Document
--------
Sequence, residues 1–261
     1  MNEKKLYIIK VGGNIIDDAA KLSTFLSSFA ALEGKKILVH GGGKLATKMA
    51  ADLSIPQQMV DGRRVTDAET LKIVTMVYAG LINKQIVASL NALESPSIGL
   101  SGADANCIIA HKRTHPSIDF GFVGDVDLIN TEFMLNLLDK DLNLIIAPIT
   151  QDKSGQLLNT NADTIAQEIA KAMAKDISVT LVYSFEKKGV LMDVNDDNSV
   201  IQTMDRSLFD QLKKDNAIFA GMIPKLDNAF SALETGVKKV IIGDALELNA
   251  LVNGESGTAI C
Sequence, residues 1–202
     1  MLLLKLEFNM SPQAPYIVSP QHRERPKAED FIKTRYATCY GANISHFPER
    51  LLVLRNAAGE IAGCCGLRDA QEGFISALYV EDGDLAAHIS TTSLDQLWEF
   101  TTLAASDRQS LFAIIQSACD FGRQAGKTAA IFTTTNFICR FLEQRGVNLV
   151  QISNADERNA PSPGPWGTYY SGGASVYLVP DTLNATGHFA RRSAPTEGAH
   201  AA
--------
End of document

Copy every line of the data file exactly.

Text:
Sequence, residues 1–261
     1  MNEKKLYIIK VGGNIIDDAA KLSTFLSSFA ALEGKKILVH GGGKLATKMA
    51  ADLSIPQQMV DGRRVTDAET LKIVTMVYAG LINKQIVASL NALESPSIGL
   101  SGADANCIIA HKRTHPSIDF GFVGDVDLIN TEFMLNLLDK DLNLIIAPIT
   151  QDKSGQLLNT NADTIAQEIA KAMAKDISVT LVYSFEKKGV LMDVNDDNSV
   201  IQTMDRSLFD QLKKDNAIFA GMIPKLDNAF SALETGVKKV IIGDALELNA
   251  LVNGESGTAI C
Sequence, residues 1–202
     1  MLLLKLEFNM SPQAPYIVSP QHRERPKAED FIKTRYATCY GANISHFPER
    51  LLVLRNAAGE IAGCCGLRDA QEGFISALYV EDGDLAAHIS TTSLDQLWEF
   101  TTLAASDRQS LFAIIQSACD FGRQAGKTAA IFTTTNFICR FLEQRGVNLV
   151  QISNADERNA PSPGPWGTYY SGGASVYLVP DTLNATGHFA RRSAPTEGAH
   201  AA